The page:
Master Sack come home before the War was quite over. I think he had been sick, because he looked thin and old and worried. All the Negroes picked up and worked mighty hard after he come home, too. One day he went into Arcadia and come home and told us the War was over and we was all free. The Negroes didn't know what to make of it, and didn't know where to go, so he told all that wanted to stay on that they could just go on like they had been and pay him shares.

About half of his Negroes stayed on, and he marked off land for them to farm and made arrangements with them to let them use their cabins, and let them have mules and tools. They paid him out of their shares, and some of them finally bought the mules and some of the land. But about half went on off and tried to do better somewheres else. I didn't stay with him because I was just a boy and he didn't need me at the house anyway.

Late in the War my pappy belonged to a man named Sander or Zander. Might been Alexander, but the Negroes called him Mr. Sander. When Pappy got free he come and asked me to go with him, and I went along and lived with him. He had a sharecropper deal with Mr. Sander and I helped him work his patch. That place was just a little east of Houma, a few miles.

When my pappy was born his parents belonged to a Mr. Adams, so he took Adams for his last name, and I did too, because I was his son. I don't know where Mr. Adams lived, but I don't think my pappy was born in Louisiana. Alabama, maybe. I think his parents come off the boat, because he was very black—even blacker than I am.

I lived there with my pappy until I was about eighteen and then I married and moved around all over Louisiana from time to time. My wife give me twelve boys and five girls, but all my children are dead now but five. My wife died in 1920 and I come up here to Tulsa to live. One of my daughters takes care and looks out for me now.



Interviewed at Little Rock, Arkansas
Interviewed by Samuel S. Taylor
Age when interviewed: 89

I BEEN MARRIED three times and my last name was Lucretia Alexander. I was twelve years old when the War began. My mother died at seventy-three or seventy-five. That was in August, 1865—August the ninth. She was buried August twelfth. The reason they kept her was they had refugeed her children off to different places to keep them from the Yankees. They couldn't get them back. My mother and her children were heir property. Her first master was Tolliver. My mother was named Agnes Tolliver. She had a boy and a girl both older than I were. My brother come home in '65. I never got to see my sister till 1869. When my mother died she left four living children. I was the youngest. My father died in 1881 and some say he was 112 and some say 106. His name was Beasley, John Beasley, and he went by John Beasley till he died. I ain't got nary living child. My oldest child would have been sixty-four if he were living. They claim my baby boy is living, but I don't know. I had four children. I got religion in 1865. I was baptized seventy-three years ago this August.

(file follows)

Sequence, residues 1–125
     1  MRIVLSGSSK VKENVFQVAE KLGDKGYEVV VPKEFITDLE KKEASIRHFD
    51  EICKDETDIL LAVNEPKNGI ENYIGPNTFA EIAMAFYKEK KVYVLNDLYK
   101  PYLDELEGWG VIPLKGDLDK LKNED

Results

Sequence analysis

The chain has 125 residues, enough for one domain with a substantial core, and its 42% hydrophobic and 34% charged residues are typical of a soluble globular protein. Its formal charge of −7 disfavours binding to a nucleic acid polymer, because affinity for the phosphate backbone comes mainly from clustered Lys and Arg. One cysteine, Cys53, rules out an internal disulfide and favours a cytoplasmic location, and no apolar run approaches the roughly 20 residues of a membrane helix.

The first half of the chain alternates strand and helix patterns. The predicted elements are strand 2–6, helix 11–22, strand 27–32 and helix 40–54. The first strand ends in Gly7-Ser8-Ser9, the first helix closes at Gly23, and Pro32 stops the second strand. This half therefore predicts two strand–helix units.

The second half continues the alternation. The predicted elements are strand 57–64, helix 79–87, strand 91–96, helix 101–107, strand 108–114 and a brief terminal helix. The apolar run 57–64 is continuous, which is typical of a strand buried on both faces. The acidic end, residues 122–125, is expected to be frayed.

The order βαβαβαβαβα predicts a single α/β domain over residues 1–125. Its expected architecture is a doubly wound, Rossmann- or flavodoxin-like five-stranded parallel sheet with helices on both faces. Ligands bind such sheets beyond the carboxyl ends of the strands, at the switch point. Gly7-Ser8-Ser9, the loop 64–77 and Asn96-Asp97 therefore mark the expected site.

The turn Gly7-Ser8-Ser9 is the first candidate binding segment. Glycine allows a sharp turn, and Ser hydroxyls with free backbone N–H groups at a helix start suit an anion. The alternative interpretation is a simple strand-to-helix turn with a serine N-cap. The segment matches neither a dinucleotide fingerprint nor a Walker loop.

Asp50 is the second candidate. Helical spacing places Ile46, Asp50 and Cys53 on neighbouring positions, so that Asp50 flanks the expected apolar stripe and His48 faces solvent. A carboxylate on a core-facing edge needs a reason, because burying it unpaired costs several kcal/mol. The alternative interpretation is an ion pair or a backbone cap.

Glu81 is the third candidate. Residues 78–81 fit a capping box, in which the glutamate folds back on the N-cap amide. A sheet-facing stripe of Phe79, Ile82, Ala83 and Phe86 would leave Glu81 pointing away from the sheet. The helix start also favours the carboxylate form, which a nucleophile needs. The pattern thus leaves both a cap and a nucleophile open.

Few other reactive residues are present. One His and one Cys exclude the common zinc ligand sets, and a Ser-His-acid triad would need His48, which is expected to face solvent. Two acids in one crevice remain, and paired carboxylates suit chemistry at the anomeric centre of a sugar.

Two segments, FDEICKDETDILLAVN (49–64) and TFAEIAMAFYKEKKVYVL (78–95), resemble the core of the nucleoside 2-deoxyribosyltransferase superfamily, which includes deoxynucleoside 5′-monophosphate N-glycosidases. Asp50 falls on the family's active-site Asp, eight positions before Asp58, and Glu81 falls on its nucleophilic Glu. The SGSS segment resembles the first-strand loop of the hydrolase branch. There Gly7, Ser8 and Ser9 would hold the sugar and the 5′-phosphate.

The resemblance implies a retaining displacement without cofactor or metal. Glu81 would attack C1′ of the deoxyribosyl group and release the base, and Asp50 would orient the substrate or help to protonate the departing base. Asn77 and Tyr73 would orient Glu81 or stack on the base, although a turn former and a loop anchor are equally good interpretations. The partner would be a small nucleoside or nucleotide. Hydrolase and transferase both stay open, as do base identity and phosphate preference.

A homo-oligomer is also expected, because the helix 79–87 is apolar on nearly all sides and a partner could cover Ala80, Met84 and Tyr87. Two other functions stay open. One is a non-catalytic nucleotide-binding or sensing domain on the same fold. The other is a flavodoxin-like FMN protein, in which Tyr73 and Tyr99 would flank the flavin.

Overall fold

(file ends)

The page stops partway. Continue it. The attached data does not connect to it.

The first overseer I remember was named Kurt Johnson. The next was named Mack McKenzie. The next one was named Phil Womack. And the next was named Tom Phipps. Mean! Liked meanness! Mean a man as he could be! I've seen him take them down and whip them till the blood run out of them.

I got ten head of grandchildren. And I been grandmother to eleven head. I been great-grandmother to twelve of great-grandchildren. I got one twenty-three and another nineteen or twenty. Her father's father was in the army. She is the oldest. Lotas Robinson, my granddaughter, has four children that are my great-grandchildren. Gayden Jenkins, my grandson, has two girls. I got a grandson named Don Jenkins. He is the father of three boys. He lives in Cleveland. He got a grandson named Mark Jenkins in Memphis who has one boy. The youngest granddaughter—I don't remember her husband's name—has one boy. There are four generations of us.

My mother was treated well in slavery times. My father was sold five times. Wouldn't take nothin'. So they sold him. They beat him and knocked him about. They put him on the block and they sold him about beatin' up his master. He was a native of Virginia. The last time they sold him they sold him down in Claiborne County, Mississippi, just below where I was born at. I was born in Copiah County near Hazlehurst, about fifteen miles from Hazlehurst. My mother was born in Washington County, Virginia. Her first master was Quails Tolliver. Qualls moved to Mississippi and married a woman down there and he had one son, Peach Tolliver. After he died, he willed her to Peachy. Then Peachy went to the Rebel army and got killed.

My mother's father was a free Indian named Washington. Her mother was a slave. I don't know my father's father. He moved about so much and was sold so many times he never did tell me his father. He got his name from the white folks. When you're a slave you have to go by your owner's name.